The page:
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Comment: Re:Hence, "Software Engineer" == MYTH (Score 1) 430

Your scenario only seems ridiculous because car companies don't share all their mechanical drawings. It would not be unreasonable to be expected to look up the torque in the mechanical schematics if that information was readily available to you.

You don't expect the manual for a computer motherboard to list the resistor values of every resistor on the motherboard, do you?

Comment: Re:Recycling (Score 1) 152

by Whatsisname (#46982319) Attached to: Is Carbon Fiber Going Mainstream?

While it is true Aluminum doesn't have a fatigue limit, the breaking point depends on what the stresses are in the material. "will eventually crack" can translate to 20 minutes of riding, or 20 million years of riding. An aluminum frame can be made where its fatigue life well exceeds the practical life of the bicycle.

If it takes 4.54 billion years of knocking the frame with your fingernail for the frame to fail, there really isn't a problem with it.

Comment: clunky software? (Score 4, Insightful) 143

by Whatsisname (#46686833) Attached to: A Bid To Take 3D Printing Mainstream

One of the main obstacles between 3D printers and consumers has been clunky, unintuitive software

More like the fact that CAD software packages cost many thousands of dollars, and no good free alternatives exist.

Or that the printers themselves for commercial grade machines also cost many thousands of dollars.

Or that mechanical design is inherently challenging and is an expensive skill to develop.

But nope, just have some big buttons on a touch screen and everything will be groovy.

Comment: Re:Now the next step... (Score 1) 143

by Whatsisname (#46049903) Attached to: US Supreme Court: Patent Holders Must Prove Infringment

The idea of the patent system was that anyone could patent their grand idea and then have legal backing to protect it in court from someone that uses the idea without consent. The filing fees were also designed to be low to keep the barrier of entry low enough that "the little guy" could get the same protection as the big corporations.

This is completely false. Patents were never about the "little guy". Their purpose is to benefit society by providing an advantage to disclosing the secrets of invention so society can learn. Prior to patents, technology was often a closely guarded secret, belonging to individuals or trade guilds, secrets that were often lost with the deaths of the people involved. By making disclosure a more attractive option than secrecy, society could benefit by learning from the details of the inventions.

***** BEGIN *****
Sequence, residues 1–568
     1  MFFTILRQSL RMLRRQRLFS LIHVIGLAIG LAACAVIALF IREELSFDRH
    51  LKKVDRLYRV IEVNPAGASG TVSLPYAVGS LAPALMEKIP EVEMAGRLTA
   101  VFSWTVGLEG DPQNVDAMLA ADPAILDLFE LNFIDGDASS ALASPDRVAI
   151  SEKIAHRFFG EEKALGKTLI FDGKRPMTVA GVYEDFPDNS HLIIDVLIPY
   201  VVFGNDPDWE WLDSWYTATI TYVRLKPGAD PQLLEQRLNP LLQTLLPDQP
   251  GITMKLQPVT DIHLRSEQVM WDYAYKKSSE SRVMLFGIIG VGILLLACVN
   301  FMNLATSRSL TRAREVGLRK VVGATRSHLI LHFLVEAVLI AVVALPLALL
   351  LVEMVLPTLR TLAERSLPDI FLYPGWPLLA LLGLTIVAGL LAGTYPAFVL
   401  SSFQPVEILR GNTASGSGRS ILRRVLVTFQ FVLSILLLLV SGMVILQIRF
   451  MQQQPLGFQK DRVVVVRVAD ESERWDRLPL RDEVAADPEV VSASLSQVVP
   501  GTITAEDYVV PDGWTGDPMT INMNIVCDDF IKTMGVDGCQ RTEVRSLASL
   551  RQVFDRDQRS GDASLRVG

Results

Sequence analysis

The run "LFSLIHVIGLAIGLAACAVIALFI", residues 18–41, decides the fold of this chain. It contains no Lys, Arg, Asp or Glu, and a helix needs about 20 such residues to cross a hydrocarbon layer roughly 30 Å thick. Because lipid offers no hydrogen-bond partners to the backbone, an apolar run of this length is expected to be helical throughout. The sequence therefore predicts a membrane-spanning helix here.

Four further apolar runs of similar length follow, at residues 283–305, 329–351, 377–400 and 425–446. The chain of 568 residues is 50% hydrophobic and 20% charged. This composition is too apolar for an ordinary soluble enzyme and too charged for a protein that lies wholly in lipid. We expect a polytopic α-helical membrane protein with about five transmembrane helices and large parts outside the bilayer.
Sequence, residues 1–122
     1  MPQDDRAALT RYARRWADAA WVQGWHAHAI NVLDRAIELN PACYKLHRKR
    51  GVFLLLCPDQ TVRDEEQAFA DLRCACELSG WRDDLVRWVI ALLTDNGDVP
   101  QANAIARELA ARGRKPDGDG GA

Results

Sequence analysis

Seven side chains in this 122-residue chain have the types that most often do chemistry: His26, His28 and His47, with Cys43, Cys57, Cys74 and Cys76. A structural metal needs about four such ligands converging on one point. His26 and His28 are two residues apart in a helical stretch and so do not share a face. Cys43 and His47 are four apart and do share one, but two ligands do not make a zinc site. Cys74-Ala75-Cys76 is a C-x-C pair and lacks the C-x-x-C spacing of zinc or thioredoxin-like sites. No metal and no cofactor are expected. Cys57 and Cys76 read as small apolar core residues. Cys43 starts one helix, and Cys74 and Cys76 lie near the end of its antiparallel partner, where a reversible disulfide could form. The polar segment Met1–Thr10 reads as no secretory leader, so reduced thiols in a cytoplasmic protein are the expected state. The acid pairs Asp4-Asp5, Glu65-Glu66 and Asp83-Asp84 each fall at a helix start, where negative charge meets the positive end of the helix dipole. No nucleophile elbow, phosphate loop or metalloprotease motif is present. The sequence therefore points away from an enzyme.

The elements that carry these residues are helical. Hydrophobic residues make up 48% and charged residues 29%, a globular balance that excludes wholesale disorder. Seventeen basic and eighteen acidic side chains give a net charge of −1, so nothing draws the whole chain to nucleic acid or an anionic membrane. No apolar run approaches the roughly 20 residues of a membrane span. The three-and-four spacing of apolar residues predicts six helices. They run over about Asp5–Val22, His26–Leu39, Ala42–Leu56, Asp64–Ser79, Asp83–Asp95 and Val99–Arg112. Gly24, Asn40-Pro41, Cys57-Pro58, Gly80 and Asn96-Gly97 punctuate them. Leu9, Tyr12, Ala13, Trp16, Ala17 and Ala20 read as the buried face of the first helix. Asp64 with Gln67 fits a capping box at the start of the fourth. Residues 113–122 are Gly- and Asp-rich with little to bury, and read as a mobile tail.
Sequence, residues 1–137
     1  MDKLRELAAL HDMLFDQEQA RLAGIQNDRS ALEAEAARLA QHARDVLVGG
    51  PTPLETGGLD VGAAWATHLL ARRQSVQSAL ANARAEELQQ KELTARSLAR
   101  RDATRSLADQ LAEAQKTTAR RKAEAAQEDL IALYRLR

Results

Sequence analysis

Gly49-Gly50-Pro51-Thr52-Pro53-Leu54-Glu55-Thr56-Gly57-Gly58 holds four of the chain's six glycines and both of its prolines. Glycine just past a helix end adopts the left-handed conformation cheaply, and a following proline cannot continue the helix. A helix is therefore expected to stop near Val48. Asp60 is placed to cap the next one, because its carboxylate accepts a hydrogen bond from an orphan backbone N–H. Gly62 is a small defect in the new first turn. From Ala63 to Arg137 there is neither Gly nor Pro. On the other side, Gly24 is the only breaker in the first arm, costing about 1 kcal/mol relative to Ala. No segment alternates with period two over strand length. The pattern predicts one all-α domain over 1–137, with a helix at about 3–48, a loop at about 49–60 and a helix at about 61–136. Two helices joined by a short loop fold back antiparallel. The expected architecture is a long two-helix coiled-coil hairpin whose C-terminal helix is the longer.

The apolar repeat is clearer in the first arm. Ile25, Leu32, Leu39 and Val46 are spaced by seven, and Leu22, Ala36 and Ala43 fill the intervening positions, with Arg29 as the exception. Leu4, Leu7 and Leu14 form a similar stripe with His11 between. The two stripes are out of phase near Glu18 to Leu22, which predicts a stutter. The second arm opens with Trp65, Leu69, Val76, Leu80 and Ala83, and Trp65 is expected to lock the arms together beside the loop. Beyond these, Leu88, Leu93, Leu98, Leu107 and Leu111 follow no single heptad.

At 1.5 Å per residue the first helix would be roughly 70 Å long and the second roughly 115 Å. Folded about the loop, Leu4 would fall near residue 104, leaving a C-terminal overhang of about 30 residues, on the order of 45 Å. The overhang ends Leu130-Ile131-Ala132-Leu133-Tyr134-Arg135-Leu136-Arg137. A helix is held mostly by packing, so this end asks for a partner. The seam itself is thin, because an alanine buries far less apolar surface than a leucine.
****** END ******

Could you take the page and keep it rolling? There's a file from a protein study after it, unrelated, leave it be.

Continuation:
That is the idea of the patent system. "Little guy" doesn't mean shit, all that matters is having useful knowledge disclosed to society, whether its individuals or mega-corps.

Comment: Re:Depends (Score 1) 937

by Whatsisname (#45908513) Attached to: Who Is Liable When a Self-Driving Car Crashes?


Also, not all failures are caused by "not doing there job right", especially when venturing into new territory. The Tacoma Narrows Bridge, a classic example of a disastrous engineering project, pushed the envelope and collapsed, but not because the engineers didn't do their job right. There hadn't been a bridge of that size with that design before, and aerodynamic concerns weren't taken into account. If that bridge hadn't collapsed and taught the lesson, some other bridge would have.

You can never remove all risk. You may call that 'passing the buck', but blaming all failures, regardless of cause, as "not doing there job right", forces a stone-age technological capability.

Comment: Heard this before (Score 1) 156

by Whatsisname (#45341633) Attached to: Google Bots Doing SQL Injection Attacks

I vaguely recall an article years ago on something like TheDailyWtf where some idiot webmaster wrote a web application with links instead of buttons to perform tasks, and was confused why his site and data was getting trashed repeatedly, until he figured out it was the crawling bots.

This is nothing new: unskilled developers using the wrong methods and getting burned.

COBOL is for morons. -- E.W. Dijkstra